Thursday, 20 September 2012

MALNUTRITION: Hunger may be largest health impact of climate change - expert

Tue, 18 Sep 2012 14:54 GMT
Source: Alertnet // Laurie Goering
A Turkana woman looks after her malnourished child at Lodwar district hospital, northwest of Nairobi, amid a drought that hit the Horn of Africa, leaving millions hungry, Aug. 9, 2011. REUTERS/Kabir Dhanji
By Laurie Goering
LONDON (AlertNet) - Malnutrition is likely to be the most serious health threat linked to climate shifts in the coming decades, as farmers struggle to cope with more unpredictable weather, a top health expert has said.
Linkages between climate change, extreme weather and health have so far focused mainly on an expected increase in deaths from disasters and heat waves, as well as rising cases of malaria, dengue fever and diarrhoea.
“No one will ever die with a death certificate saying they died of climate change,” so assessing the number of climate-linked deaths will be difficult, epidemiologist Kris Ebi warned during a recent World Health Organization (WHO) briefing on adapting health systems to climate shifts.
But malnutrition is already an underlying cause of about half of 9 million annual child deaths. And with 85 percent of the health impacts of climate change estimated to hit children, they will be “highly vulnerable”, said Ebi, a lead author of the human health section of the 2007 Intergovernmental Panel on Climate Change (IPCCFourth Assessment Report.
One major problem is that those likely to face the biggest health challenges from climate change also have the fewest resources to prepare, warned Rajendra Pachauri, chair of the IPCC.
“Where people are poor and don’t have the infrastructure by which they might be protected from increased heat waves or extreme weather events … we have to look at special measures for how we can protect life and property in those communities,” he urged.
In addition, preparedness efforts need to be integrated with development plans, or “the effectiveness of the actions we take will remain limited”, he said.
The two areas of the world likely to suffer the greatest health risks linked with climate change are sub-Saharan Africa and South Asia, IPCC studies suggest. Both are already grappling with malnutrition, in particular, and could see agriculture suffer from climate extremes, health experts say.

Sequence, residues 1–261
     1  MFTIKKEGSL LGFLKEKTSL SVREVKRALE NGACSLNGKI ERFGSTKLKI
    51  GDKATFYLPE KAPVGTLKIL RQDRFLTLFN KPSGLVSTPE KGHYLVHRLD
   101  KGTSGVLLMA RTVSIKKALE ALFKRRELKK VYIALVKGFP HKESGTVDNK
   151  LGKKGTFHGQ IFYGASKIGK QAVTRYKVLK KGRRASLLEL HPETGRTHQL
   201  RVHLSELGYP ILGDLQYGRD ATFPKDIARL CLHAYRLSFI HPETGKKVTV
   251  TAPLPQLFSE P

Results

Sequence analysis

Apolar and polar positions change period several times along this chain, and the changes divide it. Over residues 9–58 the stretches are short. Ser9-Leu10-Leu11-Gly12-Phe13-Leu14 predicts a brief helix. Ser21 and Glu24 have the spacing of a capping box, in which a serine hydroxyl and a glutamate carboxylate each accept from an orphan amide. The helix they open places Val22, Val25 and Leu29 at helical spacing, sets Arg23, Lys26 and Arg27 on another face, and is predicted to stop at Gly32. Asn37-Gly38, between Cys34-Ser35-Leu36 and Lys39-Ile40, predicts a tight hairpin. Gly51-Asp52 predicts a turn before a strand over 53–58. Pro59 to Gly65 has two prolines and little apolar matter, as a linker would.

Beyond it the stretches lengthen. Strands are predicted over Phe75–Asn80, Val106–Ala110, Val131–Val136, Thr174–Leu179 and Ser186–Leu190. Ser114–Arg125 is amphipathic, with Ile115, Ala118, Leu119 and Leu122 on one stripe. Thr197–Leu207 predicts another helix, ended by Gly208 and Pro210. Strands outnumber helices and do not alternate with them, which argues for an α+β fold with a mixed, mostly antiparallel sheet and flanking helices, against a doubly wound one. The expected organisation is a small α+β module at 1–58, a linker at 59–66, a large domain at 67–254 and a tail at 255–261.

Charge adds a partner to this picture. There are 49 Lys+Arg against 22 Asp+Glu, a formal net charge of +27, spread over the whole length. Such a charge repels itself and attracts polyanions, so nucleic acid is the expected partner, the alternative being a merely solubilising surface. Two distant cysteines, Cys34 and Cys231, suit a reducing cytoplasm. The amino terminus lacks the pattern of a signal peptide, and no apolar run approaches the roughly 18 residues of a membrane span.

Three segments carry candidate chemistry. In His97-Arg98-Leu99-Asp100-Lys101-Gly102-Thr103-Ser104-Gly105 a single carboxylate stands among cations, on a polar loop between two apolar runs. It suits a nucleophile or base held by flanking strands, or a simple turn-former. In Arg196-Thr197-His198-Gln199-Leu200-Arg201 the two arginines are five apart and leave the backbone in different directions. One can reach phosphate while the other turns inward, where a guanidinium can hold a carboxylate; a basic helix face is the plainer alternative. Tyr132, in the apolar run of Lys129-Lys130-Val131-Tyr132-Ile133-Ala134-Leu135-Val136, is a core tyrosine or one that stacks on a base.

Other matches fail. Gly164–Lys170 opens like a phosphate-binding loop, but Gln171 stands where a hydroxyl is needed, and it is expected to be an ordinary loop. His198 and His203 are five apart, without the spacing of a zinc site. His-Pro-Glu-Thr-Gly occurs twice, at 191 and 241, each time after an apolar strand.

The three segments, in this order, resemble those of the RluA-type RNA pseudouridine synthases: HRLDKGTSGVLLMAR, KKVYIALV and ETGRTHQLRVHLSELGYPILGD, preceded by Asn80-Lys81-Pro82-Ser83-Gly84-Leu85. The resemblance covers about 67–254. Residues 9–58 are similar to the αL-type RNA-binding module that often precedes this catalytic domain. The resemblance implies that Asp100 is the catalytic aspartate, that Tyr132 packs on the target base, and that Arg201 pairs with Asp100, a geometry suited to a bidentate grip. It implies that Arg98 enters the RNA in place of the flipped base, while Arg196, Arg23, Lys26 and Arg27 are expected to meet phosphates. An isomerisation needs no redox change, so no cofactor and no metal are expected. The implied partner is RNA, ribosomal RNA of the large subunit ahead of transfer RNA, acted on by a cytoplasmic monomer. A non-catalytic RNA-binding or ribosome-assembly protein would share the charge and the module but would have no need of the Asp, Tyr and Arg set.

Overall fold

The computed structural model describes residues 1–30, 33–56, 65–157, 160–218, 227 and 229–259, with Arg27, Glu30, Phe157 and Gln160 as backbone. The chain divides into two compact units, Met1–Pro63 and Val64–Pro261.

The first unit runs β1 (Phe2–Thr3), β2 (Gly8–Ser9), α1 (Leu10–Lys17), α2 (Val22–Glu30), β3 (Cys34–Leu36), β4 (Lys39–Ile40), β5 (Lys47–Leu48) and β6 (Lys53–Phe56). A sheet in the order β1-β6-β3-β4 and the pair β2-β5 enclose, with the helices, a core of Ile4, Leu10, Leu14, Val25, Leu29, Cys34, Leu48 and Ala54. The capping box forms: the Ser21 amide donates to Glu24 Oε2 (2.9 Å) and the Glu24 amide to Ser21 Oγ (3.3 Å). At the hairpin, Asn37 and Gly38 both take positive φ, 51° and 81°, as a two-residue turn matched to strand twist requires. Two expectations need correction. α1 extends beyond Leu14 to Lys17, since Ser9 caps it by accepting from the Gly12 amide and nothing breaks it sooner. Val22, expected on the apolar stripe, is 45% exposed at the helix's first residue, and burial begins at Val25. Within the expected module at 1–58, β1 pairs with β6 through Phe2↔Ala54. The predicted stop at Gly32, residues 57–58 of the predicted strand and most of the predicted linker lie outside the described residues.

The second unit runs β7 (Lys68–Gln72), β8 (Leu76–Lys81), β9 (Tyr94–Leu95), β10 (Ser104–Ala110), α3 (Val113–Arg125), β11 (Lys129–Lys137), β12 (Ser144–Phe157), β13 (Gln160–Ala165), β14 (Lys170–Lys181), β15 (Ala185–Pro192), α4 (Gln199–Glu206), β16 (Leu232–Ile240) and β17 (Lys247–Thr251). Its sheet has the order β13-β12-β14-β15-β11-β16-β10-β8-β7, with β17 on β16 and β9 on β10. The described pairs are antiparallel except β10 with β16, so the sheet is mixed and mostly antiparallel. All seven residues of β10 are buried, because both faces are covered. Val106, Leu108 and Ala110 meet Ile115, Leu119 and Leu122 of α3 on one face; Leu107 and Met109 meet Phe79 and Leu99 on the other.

But governments and health services in these regions are not the only ones who need to act. “Every country is going to be affected,” Ebi said. “There is no country that is not going to see some health impacts from climate change.”
Solomon Nzioka, a doctor in the WHO’s Kenya office, cited last year’s drought in East Africa, which led to tens of thousands of deaths in southern Somalia before aid arrived, as an example of the health and malnutrition challenges ahead.
Kenya’s health service also is struggling to cope with new disease challenges, such as dengue fever, he said.
After this year’s long rains, from March to May, doctors saw a rise in what they thought were malaria cases. But the initial diagnoses proved wrong, and blood tests showed the outbreak was dengue, a surprise for health workers, Nzioka said.
“It’s for us to develop strong models (to improve) our ability to predict” outbreaks, he said. Emerging problems suggest “we are likely to go back to those times when there used to be heavy epidemics,” he warned.
Jyotishma Rajan Naicker, who helps coordinate a climate health project in Fiji organised by the health ministry, the WHO, the U.N. Development Programme and the Global Environment Facility (GEF), emphasised that the time for pilot programmes on climate-health impacts is over.
“Countries generally are not open to more assessments. The evidence is already there. What we need now is to act,” she said.
One obstacle is lack of funding, the experts said. The GEF, which has approved $162 million in climate adaptation and technology transfer projects for least developed countries, has spent only 0.8 percent of that money on health projects, said Rawleston Moore, a senior GEF climate change specialist.
The problem is that affected countries have given higher priority to funding projects on food and agriculture, early warning systems, water resources and coastal management. “We have scope to do more projects in the health sector but so far we haven’t received that many project (requests),” he said.
Health projects supported by the GEF and its partners include a $2 million effort in Samoa to identify hotspots of climate-related disease and equip national health laboratories with diagnostic kits to detect dengue outbreaks, he said.
Ghana, similarly, has received $1.8 million to improve coordination across government and boost the capacity of health services to deal with climate-linked health problems such as malaria, diarrhoea and meningitis, Moore said.
Changing weather conditions could bring relief from some health threats in places, according to the experts. Cold-related deaths, for instance, are likely to fall, and areas that become particularly hot and dry will likely have lower rates of malaria. But those same areas may also experience declines in food production, raising the risk of malnutrition, Ebi warned.
Managing climate-related health risks will be “not a problem to be solved but a process to manage” over the long term, she said. For now, “the most important thing is to get started,” she stressed.

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